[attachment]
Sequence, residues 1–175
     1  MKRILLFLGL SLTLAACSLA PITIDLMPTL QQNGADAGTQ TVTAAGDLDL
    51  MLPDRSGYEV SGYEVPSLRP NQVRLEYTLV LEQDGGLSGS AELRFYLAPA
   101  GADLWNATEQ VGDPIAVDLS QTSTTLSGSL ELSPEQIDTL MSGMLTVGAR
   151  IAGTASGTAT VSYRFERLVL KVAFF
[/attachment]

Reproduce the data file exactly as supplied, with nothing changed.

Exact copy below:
Sequence, residues 1–175
     1  MKRILLFLGL SLTLAACSLA PITIDLMPTL QQNGADAGTQ TVTAAGDLDL
    51  MLPDRSGYEV SGYEVPSLRP NQVRLEYTLV LEQDGGLSGS AELRFYLAPA
   101  GADLWNATEQ VGDPIAVDLS QTSTTLSGSL ELSPEQIDTL MSGMLTVGAR
   151  IAGTASGTAT VSYRFERLVL KVAFF